Groove along to Beat Media's breakdown of the bands, artists, songs and culture that defined the 60s.
10 Underrated Beatles Songs
Note: this list is based on an original post from my personal website, the9thpath.com. You may accuse me of laziness, but please, do not accuse me of plagiarism.
The Jazzy Blues
These tunes will definitely wash your blues away... I turned on Pandora’s Sam Cooke Radio and it saved my day. “Darling You Send Me”
Jimi Hendrix Came Right Off the Bat
Jimi Hendrix is considered to be one of the best ever to play the electric guitar. He is at least top ten in every list that exists around the world involving the revolutionary instrument. He is a guitar god, and he bolted into the Rock scene right off the bat.
The Rare And Splendid Soul Music Of Wendy Rene
I first heard Wendy Rene's voice, like many others of my age, sampled by Wu-Tang Clan, on a track from their first album, 36 Chambers. I was 12 years old, and I remember being extremely curious what a group of Asian singers who claim to be ninjas will sound like. I listened to the cassette in my walkman on the walk home, and as I was approaching the doorstep, "Tearz" came on. As a hip hop track, it wasn't the strongest in Wu-Tang Clan's repertoire, but the organ and vocal samples from "After The Laughter (Comes Tears)" were absolutely haunting. The overall menagerie of samples left me deeply impressed, but not none of them affected me as much as that one track.
a song to remember
As a white girl that grew up in a middle-class family, I was so far removed from understanding what it meant to be anything but that. I had always understood the sexism in life, the fact that I would be the one that stepped out of a man’s way or that a man wanting to touch the small of my back or arm was just a formality. I had known it, I had seen it, I had known that women’s rights were still very new to this nation, and I was lucky enough to get to go to school. I was lucky enough to even have a chance that even fifty years ago, women didn’t have. I knew all of this and more at a young age as I cried to my dad when I heard about Malala being shot by the Taliban for going to school, “daddy why can’t other girls go to school?”. I was seven. It was then I was exposed to racism. An idea that I couldn’t even fathom.
The Never-Ending Story of the Women of Motown
As a child, one of the first CDs I ever owned was a Motown's Greatest Hits CD that I got for my eleventh birthday. Being that I turned eleven in 2009, decades after Motown's golden era under founder Berry Gordy, Jr. had already ended, my music taste led people to believe that I was an old soul. But the truth is that Motown's music is timeless and has remained in people's hearts and minds since its inception in the late 50s.
Inspirational Woman of music
Whether you realize it or not, we are all authors of our own stories. Each and every day when we wake up, we are deciding what type of character we are going to be. The gift you were born with can come in any shape, size, or form. However, what you choose to do with that gift, is what matters the most. Not all heroes wear capes . The essence and contributions of Black women are evident in the music industry.Whenever I think of a black women there’s two words that comes to mind: strength and resilience.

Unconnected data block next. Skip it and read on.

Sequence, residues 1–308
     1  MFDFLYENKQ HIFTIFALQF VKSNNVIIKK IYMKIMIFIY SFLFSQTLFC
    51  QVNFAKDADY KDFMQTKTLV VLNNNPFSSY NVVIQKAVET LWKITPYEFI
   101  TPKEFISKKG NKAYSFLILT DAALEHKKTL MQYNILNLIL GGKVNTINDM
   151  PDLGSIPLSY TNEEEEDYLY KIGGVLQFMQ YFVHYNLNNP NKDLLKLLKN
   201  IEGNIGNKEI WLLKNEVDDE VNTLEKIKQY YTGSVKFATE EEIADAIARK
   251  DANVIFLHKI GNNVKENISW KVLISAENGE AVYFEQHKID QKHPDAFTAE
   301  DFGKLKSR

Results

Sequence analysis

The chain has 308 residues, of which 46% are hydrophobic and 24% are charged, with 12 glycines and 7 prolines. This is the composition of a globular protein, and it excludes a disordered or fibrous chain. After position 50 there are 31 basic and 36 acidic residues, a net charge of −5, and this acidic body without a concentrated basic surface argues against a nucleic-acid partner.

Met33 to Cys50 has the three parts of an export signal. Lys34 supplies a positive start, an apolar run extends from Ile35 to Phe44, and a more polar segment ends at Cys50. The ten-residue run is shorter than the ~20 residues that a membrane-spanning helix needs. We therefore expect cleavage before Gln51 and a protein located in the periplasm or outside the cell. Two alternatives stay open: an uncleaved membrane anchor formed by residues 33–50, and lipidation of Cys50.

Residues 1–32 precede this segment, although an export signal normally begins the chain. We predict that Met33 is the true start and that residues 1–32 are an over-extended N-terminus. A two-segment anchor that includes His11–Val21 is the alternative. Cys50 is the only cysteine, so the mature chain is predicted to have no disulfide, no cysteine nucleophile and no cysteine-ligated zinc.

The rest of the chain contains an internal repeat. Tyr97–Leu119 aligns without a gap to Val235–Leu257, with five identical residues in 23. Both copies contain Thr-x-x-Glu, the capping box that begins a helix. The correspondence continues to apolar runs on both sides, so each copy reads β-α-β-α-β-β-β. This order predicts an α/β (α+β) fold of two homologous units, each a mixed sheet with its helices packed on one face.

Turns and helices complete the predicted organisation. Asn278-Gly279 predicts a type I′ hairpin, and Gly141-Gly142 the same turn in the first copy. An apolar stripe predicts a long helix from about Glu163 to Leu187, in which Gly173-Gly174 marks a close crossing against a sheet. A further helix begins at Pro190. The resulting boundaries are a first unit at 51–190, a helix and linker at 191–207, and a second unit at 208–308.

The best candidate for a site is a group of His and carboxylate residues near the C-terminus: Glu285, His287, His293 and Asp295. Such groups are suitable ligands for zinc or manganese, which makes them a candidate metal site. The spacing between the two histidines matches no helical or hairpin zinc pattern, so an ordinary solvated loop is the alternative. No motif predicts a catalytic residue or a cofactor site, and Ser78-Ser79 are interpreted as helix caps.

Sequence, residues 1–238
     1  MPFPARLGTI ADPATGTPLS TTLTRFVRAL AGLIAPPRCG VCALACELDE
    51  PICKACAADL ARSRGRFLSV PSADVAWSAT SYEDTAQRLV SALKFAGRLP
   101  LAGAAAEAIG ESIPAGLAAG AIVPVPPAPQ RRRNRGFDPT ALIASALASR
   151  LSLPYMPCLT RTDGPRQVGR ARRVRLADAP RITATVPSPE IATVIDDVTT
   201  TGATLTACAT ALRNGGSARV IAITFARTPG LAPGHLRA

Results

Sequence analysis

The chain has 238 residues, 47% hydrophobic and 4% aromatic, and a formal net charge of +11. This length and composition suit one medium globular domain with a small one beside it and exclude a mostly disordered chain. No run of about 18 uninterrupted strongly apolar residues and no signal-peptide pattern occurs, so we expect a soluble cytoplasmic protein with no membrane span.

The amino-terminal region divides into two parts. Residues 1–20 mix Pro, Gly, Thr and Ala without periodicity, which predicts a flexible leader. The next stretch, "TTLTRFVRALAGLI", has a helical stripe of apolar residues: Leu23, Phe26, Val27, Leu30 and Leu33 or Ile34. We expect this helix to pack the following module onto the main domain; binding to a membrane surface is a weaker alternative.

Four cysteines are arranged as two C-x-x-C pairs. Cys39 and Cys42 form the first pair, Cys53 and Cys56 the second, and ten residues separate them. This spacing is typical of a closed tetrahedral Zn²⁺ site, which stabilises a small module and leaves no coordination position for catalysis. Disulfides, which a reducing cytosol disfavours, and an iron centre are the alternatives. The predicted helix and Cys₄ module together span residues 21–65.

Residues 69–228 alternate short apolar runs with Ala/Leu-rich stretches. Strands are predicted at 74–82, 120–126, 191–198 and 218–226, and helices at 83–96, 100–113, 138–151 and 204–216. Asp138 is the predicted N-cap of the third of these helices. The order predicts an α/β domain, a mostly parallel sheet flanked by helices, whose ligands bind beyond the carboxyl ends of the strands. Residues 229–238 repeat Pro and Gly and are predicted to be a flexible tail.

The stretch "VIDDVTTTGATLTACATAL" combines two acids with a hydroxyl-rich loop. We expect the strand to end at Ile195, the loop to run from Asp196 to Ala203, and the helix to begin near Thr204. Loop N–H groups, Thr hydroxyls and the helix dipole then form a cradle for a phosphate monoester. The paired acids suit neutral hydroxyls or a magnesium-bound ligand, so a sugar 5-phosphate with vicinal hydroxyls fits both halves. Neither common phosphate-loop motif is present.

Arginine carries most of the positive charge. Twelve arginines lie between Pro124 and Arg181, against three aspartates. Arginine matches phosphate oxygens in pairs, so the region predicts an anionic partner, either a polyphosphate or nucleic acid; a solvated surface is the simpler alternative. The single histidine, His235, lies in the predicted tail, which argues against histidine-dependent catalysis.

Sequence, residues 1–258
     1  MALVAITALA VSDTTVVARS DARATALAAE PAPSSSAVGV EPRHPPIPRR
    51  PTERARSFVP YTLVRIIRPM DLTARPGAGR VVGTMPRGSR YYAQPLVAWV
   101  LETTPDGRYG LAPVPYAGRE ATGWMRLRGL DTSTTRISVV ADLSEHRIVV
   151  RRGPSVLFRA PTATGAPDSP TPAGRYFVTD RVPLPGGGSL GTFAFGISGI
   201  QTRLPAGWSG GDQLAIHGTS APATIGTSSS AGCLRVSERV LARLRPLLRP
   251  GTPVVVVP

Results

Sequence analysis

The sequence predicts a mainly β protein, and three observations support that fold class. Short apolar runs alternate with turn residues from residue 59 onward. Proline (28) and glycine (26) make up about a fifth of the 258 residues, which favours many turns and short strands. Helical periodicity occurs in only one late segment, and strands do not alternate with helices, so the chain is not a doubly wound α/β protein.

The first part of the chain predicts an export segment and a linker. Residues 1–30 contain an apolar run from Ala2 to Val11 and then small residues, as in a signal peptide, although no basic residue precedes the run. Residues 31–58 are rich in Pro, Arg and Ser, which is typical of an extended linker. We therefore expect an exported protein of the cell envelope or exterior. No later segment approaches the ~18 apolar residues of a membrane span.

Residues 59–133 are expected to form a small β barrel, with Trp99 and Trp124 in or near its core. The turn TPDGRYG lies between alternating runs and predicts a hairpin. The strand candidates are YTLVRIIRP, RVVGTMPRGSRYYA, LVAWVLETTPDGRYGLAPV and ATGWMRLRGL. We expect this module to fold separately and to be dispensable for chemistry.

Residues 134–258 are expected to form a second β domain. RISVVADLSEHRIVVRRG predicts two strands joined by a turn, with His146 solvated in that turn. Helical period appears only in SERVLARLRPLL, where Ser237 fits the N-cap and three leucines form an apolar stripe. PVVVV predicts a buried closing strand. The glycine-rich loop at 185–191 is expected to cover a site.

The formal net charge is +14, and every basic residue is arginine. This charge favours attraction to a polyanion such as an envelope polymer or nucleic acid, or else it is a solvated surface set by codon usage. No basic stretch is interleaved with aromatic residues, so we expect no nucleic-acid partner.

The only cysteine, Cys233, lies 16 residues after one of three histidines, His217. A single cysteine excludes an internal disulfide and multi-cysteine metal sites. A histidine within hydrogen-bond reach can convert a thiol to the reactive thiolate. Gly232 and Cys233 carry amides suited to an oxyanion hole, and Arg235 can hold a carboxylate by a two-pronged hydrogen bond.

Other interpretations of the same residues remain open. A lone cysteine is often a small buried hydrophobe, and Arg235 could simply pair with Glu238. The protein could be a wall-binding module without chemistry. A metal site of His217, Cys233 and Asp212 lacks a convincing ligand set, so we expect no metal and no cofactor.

The Phenomenal Monkees
The four very talented young gentlemen who came together to form The Monkees were put together just to create a TV show. What resulted was a strong friendship between the guys and they showed that they were very talented not only musically but also with creative acting. The four guys were Davy Jones, Mickey Dolenz, Peter Tork and Mike Nesmith. They showed everyone that they could sing and wound up creating a musical style that became known as their very own. When you heard one of their songs there was no doubt that the group playing was The Monkees.
Nina Cried Power.
I came across Nina Simone's music one lazy April evening two years ago, as if destined from above. A newly born Jeff Buckley fan, his cover (unbeknownst to me at the time) of Nina's 'Lilac Wine' was a song I quickly grew to love. After falling in love with Hozier's album, 'Wasteland Baby' that same month, in particular the opening track 'Nina Cried Power', I grew curious of who this 'Nina' was.
“Alabama's gotten me so upset Tennessee made me lose my rest And everybody knows about Mississippi Goddam” With the blistering, searing anger of this song, Nina Simone left her mainstream-friendly, light-hearted jazz days behind and catapulted herself to the front of the civil rights movement. Nina became a prominent, outspoken figure of the movement, using her musical power and prowess to fight in her own unique way for the rights of African-Americans and to try to effect change in the United States. This dedication to the cause came at great personal cost. Nina would later tell Jet magazine that Mississippi Goddam ruined her career. The song was banned in southern states. Her records were smashed and the pieces sent to her record label. Nina believed she was boycotted by the music industry. She left America in the early 70s, and although she would return for concerts, she never lived there again.
The way this band came together has everything to do with the saying – if something is meant to happen it will happen. The group members were Denny Doherty, Cass Elliot, John Phillips, Michelle Phillips and Jill Gibson.
The Steve Derry Decade
THE STEVE DERRY DECADE London-July 1963 There is something in the air here this summer. With Cuba, Profumo and Cliff Richard safely behind them, Londoners have a bounce in their step that had been missing since Britannia ruled the waves.